By Ray Hill

Carroll Reece, thirty years old and a veteran of the First World War, had defeated Congressman Sam R. Sells for the right to carry the Republican Party banner in the general election of 1920.  Sells had not taken his defeat lightly and had tried to challenge the election results without success.  1920 proved to be a good year for Republican candidates from the White House to the courthouse.  Woodrow Wilson, crippled from a major stroke, remained largely out of sight, and had in fact wanted a third nomination from his party to be the Democratic nominee in the 1920 presidential election.  Instead, Democrats nominated Governor James M. Cox of Ohio.  The Republicans had also nominated an Ohioan and a dark horse, Senator Warren G. Harding.  Stately and with a head of white hair, Warren Harding certainly looked the part of an American president.  Republicans in Tennessee had nominated Alf A. Taylor for governor.  “Uncle Alf” was making his third race for the governorship, once contesting with his brother Robert Love Taylor in 1886 in the famous “War of Roses.”  Bob and Alf Taylor had traveled the state together, speaking to the same audiences and oftentimes sharing the same bed at night.  Bob had said both he and his brother were roses, he a white one and Alf a red one.  The white rose became the symbol of Bob Taylor’s supporters, while Alf’s wore a red rose.

Alf Taylor had sensed 1910 might be a good year for Republicans in Tennessee and tried to win the GOP nomination for governor, but lost to Ben W. Hooper.  Seventy-one years old in 1920, Uncle Alf defeated Jesse Littleton, the mayor of Chattanooga, for the Republican nomination.  The Republican tidal wave had also carried Julian Campbell of Lebanon to statewide office, winning a seat on the Railroad and Utilities Commission.

Warren G. Harding carried Tennessee and once again, Uncle Alf’s political instincts had not failed him.  Taylor beat incumbent A. H. Roberts for governor, while Republicans won five of Tennessee’s ten seats in the U. S. House of Representatives.  Carroll Reece easily won the Republican First Congressional District, J. Will Taylor was reelected in the equally Republican Second Congressional District.  Congressman John A. Moon of Chattanooga was upset in the general election by GOP candidate Joseph E. Brown, whose father Foster had preceded Moon in Congress.  Likewise, Cordell Hull lost inside the highly Democratic Fourth Congressional District to Wynne F. Clouse.  Gordon Browning, who had defeated incumbent Thetus W. Sims inside the Democratic primary, lost to Republican Lon A. Scott.

Carroll Reece went to Washington where the GOP had claimed the White House and comprised a majority in both houses of Congress.  The Knoxville Journal and Tribune, in reporting Carroll Reece’s election to Congress, noted the young candidate’s educational accomplishments, pointing out he had earned the “degrees of Master of Arts, Bachelor of Arts, and a Doctor of Philosophy.”  The Journal and Tribune related Reece came from “pure American stock” and his grandfather, L. L. Maples, had once represented Carter and Johnson counties in the Tennessee General Assembly.  The Journal and Tribune also quoted for its readers a citation issued by General John J. Pershing, commander of the American Expeditionary Forces in Europe during the World War, which commended Reece for having “lead his company brilliantly in the attack upon St. Mihiel salient and during the operations of the 26th Division, north of Verdun.”  Pershing had also praised Reece for having reorganized his command following an especially bloody encounter after suffering “heavy casualties.”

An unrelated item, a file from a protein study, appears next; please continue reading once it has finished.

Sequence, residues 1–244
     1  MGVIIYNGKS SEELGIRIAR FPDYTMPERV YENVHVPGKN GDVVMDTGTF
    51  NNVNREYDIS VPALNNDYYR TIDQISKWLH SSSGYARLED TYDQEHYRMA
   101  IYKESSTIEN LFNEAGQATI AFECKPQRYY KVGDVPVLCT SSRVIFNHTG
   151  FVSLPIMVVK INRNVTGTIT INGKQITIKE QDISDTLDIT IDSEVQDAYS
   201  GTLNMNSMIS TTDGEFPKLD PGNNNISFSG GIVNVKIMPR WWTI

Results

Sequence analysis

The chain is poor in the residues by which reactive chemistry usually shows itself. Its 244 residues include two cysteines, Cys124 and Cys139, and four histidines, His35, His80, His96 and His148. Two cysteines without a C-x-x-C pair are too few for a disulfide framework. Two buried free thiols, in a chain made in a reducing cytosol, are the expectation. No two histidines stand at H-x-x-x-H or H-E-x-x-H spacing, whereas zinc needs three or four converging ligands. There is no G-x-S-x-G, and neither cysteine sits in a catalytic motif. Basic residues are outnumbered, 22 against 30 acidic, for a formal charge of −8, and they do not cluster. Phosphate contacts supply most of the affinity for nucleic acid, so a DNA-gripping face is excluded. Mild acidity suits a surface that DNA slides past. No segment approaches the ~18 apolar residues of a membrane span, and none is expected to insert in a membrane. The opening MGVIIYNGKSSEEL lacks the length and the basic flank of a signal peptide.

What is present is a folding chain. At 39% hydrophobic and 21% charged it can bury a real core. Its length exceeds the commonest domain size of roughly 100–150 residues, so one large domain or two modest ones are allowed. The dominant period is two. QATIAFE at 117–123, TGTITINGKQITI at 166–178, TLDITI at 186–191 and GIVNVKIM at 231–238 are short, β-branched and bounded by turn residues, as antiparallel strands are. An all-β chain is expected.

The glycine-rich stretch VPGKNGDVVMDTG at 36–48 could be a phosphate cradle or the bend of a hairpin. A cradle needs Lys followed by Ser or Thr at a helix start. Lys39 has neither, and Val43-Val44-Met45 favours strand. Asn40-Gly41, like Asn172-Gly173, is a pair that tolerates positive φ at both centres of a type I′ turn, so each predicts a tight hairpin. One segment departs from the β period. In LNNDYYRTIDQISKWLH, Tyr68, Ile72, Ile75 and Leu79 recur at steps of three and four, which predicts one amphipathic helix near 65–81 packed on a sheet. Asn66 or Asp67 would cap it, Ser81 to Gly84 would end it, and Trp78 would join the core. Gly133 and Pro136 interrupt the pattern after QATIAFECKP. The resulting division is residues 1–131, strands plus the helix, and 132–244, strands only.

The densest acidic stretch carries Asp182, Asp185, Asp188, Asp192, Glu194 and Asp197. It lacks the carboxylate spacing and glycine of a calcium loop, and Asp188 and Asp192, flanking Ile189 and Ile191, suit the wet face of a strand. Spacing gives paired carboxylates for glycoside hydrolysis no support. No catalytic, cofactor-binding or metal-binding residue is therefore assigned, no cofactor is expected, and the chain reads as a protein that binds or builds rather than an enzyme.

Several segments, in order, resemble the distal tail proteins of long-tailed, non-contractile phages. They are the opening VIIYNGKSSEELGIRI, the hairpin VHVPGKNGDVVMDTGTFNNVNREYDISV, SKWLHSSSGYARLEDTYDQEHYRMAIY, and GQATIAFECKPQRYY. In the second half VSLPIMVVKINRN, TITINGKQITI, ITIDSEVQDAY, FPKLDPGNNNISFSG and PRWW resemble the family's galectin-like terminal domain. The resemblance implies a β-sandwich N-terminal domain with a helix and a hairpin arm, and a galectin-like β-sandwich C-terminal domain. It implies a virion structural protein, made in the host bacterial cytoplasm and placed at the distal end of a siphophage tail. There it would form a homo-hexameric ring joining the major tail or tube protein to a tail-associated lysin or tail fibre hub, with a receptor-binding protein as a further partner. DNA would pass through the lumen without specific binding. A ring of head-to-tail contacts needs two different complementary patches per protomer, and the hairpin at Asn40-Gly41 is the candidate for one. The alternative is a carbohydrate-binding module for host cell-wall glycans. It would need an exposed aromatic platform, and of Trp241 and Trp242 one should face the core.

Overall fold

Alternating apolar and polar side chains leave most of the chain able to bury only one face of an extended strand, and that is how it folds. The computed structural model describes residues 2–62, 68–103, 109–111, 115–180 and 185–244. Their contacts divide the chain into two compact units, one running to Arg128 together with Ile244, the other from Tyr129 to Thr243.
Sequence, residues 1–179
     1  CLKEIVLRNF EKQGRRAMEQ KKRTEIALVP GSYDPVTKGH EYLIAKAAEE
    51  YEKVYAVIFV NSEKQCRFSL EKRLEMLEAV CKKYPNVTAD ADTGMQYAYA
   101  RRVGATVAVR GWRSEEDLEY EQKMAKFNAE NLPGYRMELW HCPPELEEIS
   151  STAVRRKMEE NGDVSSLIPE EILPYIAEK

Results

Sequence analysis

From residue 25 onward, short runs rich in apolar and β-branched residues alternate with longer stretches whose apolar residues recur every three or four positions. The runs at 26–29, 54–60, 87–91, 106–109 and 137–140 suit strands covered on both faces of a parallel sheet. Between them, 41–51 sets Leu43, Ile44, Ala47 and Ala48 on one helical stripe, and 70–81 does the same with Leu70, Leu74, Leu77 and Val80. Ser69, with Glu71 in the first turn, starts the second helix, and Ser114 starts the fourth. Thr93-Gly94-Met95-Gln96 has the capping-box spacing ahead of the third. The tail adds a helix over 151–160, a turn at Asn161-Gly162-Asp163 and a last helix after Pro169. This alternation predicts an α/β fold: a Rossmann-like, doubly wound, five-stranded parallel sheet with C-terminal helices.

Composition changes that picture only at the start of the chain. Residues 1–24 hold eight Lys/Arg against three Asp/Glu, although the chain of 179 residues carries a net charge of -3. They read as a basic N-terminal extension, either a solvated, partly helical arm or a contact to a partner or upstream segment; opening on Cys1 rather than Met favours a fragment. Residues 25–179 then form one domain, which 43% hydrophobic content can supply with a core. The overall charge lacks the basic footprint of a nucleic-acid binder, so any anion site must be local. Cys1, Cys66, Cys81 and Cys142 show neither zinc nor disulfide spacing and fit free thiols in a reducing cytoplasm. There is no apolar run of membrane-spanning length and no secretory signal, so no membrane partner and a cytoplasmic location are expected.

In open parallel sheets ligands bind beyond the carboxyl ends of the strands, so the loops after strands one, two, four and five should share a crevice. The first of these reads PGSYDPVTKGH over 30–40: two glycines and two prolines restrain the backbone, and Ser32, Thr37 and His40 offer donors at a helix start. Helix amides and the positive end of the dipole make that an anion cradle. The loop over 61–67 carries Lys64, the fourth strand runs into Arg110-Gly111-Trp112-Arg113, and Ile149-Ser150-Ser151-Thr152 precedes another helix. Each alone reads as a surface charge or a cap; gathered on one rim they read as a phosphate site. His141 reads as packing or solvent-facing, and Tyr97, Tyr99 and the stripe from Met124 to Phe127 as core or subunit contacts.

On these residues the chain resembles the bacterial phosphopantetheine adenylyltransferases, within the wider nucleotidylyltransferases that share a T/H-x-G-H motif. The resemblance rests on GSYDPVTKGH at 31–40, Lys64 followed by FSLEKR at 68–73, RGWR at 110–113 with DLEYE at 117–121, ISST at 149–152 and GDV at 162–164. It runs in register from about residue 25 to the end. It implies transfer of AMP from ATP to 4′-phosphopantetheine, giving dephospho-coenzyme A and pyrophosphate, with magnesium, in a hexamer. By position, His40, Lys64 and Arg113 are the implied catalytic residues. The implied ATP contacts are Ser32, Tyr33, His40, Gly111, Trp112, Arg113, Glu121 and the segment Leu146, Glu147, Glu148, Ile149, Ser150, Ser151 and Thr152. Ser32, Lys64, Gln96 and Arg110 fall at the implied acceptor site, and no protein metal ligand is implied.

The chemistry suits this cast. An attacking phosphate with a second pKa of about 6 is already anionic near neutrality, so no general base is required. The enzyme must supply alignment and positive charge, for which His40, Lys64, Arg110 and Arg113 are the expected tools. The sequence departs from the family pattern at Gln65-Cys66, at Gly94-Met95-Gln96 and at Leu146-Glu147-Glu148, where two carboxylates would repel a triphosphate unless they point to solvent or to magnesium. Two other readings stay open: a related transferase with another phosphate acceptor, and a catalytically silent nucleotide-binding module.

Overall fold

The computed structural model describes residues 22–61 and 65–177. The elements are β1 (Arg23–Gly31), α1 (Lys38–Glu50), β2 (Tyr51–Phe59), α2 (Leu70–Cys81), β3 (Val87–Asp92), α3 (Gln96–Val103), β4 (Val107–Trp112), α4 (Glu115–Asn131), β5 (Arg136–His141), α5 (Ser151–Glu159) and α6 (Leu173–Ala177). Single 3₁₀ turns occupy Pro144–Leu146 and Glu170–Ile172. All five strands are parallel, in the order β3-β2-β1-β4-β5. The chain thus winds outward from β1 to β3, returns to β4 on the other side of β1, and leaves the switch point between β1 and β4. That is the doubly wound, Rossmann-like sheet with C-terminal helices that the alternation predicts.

When Carroll Reece was elected to office, newly elected members of Congress did not take the oath of office until March 4 following their election the previous November.  As Reece waited to assume his seat in the House, he announced he had selected his secretary (the equivalent today of a Chief of Staff).  James D. Jenkins of Elizabethton was, according to the Bristol Herald Courier, “prominent in political and business circles” and had “many friends in Bristol” and the surrounding area.  Jenkins was also active in the Baptist church.  In early January of 1921, Alf Taylor was inaugurated as governor of Tennessee, but Carroll Reece missed the festivities, being confined to his bed with “a severe cold.”  By early February, the thirty-one year old congressman-elect had recovered sufficiently to address the members of a local post of the American Legion in Kingsport.

Carroll Reece issued a statement announcing his departure from the First Congressional District to Washington, D. C. to attend the inauguration of Warren G. Harding as President of the United States.  Reece said he expected to remain in Washington for some time, as he would also be sworn in as a Member of Congress and would devote all his time and attention to serving the people of his district.

Reece arrived in Washington, D. C. the evening of February 25, 1921 and got a room at the Wardman Park Inn.  With the election of a Republican president, the party faithful were eagerly awaiting Harding to sweep out Democratic officeholders from federal positions and replace them with Republicans.  The Bristol Herald Courier reported as Reece left for the Capitol, Paul E. Devine, a prominent and politically active lawyer from Johnson City, was likely to be recommended to serve as the U. S. Attorney for East Tennessee.  Divine had served as the secretary to Congressman Walter P. Brownlow, who had been succeeded in office by Reece’s predecessor, Sam R. Sells.  In Divine’s obituary in 1935, the “Major” was given the credit as being the original “discoverer” and political sponsor of Carroll Reece.